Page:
“What is it like to sail in the ocean overnight?” a friend asked. “I can’t even imagine doing that.”
I’ll try to explain.
The easy answer is that it’s merely an extension of sailing during the day. You don’t stop driving your car at sunset, for example. The streetlights come on and your eyesight adjusts. You have to stay awake, but the road, the signs, and the distance to your destination remain the same. Similarly, you ride your bike and take walks after dark, and with the right companion by your side, it can be romantic and exhilarating.
On the other hand, sailing, like almost every other activity, is more dangerous at night, especially in bad weather. Then, sailing through the dark is wet, cold and scary. The wind is fierce, the waves are high, and your stomach is knotted with anxiety. It’s even more harrowing should you have an injury and/or equipment failure. Jumping into action on a thrashing boat when you can barely see what you’re doing is heart-pounding. All you can do is try to get the situation under control, then trust your boat and take each wave as it comes. There’s some comfort in knowing that every storm passes eventually.
Perhaps the scariest part, however, is that thanks to human imagination, and no matter what you’re doing, nighttime just feels more dangerous. What might be lurking out there that we can’t see? Even on a calm night at sea, I always experience a primitive feeling of relief when the first glimmer of dawn appears on the horizon. There are no monsters under the bed come morning.
But sometimes, sometimes, sailing at night is bliss, and when that happens—as it did for us one night in the Bahamas—it goes like this:
The wind is steady at your back at 15-18 knots, the sails are full, and the boat is skipping along. Even in the Bahamas, it’s cool enough to need a jacket, yet the breeze feels soft on your face. The waves are small, 2-3 feet, and the whitecaps are like swirls of white frosting on a birthday cake. The full moon rises as you set sail and keeps you company all night. So the sky never really gets dark, just gray. It’s like having your own personal nightlight.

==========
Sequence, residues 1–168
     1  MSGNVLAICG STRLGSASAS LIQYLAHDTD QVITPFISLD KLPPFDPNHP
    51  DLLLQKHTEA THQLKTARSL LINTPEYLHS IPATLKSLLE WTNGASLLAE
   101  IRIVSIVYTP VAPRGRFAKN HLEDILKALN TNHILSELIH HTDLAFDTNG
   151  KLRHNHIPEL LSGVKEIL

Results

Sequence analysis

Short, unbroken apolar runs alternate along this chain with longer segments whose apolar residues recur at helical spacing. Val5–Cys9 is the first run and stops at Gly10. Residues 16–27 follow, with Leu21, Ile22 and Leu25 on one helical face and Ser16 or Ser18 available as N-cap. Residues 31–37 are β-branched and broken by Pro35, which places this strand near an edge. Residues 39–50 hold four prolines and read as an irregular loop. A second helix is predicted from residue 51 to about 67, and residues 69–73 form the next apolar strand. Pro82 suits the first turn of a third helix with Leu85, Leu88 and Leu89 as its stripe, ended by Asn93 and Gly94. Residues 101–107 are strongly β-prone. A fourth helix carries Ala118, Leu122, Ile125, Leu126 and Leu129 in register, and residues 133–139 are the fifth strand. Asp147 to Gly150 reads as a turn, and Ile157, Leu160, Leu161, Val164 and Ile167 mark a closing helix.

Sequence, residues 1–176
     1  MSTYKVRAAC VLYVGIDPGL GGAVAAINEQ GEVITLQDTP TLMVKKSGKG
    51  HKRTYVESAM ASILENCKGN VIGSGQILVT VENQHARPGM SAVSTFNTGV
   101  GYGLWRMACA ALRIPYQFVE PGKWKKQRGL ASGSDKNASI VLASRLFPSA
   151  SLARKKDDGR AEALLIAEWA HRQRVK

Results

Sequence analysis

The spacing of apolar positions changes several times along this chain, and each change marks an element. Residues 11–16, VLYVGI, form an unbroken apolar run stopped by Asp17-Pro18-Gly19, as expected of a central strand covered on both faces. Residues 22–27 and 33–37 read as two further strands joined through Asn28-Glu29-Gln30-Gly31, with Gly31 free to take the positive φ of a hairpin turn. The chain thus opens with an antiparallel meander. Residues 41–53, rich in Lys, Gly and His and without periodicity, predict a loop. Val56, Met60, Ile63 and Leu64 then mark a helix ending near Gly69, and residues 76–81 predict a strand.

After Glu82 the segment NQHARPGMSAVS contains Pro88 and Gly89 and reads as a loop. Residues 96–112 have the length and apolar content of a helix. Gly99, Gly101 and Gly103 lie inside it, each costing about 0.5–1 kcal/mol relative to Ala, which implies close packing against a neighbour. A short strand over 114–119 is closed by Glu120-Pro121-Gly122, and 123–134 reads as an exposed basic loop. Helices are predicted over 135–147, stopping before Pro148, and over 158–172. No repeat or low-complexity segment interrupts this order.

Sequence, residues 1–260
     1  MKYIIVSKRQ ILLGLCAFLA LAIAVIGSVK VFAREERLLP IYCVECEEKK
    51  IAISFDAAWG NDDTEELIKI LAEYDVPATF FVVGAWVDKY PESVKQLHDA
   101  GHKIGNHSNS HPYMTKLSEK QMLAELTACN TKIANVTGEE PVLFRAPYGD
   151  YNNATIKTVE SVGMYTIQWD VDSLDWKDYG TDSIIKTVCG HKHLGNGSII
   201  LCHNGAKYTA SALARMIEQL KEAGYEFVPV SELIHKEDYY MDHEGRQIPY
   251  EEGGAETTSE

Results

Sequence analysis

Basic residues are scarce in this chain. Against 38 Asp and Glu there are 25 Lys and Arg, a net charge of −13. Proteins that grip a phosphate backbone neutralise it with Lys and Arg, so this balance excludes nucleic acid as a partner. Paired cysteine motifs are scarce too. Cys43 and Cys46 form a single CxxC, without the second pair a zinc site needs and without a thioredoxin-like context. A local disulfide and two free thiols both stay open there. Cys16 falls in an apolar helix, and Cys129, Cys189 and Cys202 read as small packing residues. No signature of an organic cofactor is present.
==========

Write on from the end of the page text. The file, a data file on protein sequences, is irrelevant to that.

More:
The moon itself is the color of pale honey, and it dapples a golden pathway across the sea. Miles offshore, in deep water, there are no worries about rocks, reefs or shoals and not another boat in sight. The ocean belongs to you and you alone. You mind the wheel, watch the compass, hold your course. In a way, it’s haunting. Time seems to dissolve around you, yet you must stay awake. So you watch the moonlight on the water and you envision a mermaid swimming along it, rising up like a dolphin on its tail to look you in the eye…
In an instant, the whole scene became quite real. I started composing a poem about it, and I tried to write it down. The moonlight wasn’t bright enough to see what I was scribbling, however, and in any case I had to keep my eyes on the ocean and my hands on the wheel. My only recourse was to memorize it as I went, which kept me wide awake and my brain occupied until it was Eric’s turn to come on deck.
In the morning, between the rhymes and my scribbles, this poem was the result. Don’t expect great literature. It was two a.m., after all. But it does explain what it’s like to be out sailing in the ocean on a rare and perfect night.
If a Mermaid Came
I would ask her what she eats
Sea cucumbers on a bed of kelp
Oysters on the half shell
I would ask if she has a comb
To tame her wave-tossed hair
A purse in which to keep it
A barrette or two to spare
I would ask, Does she have a boyfriend
Who appreciates her charms?
Her sparkling emerald scales
Her slender white arms
And where, by the way,
Do baby mermaids come from?
We’d talk of girlish things
Until the breath of dawn
Then she’d flip her glittering tail
Dive deep and be gone
Leaving on my cheek
A kiss of salt spray
And a final question on my lips
Now too late to say
Does she know she is a myth
A creature who cannot be?
Was I as real to her
As she was to me?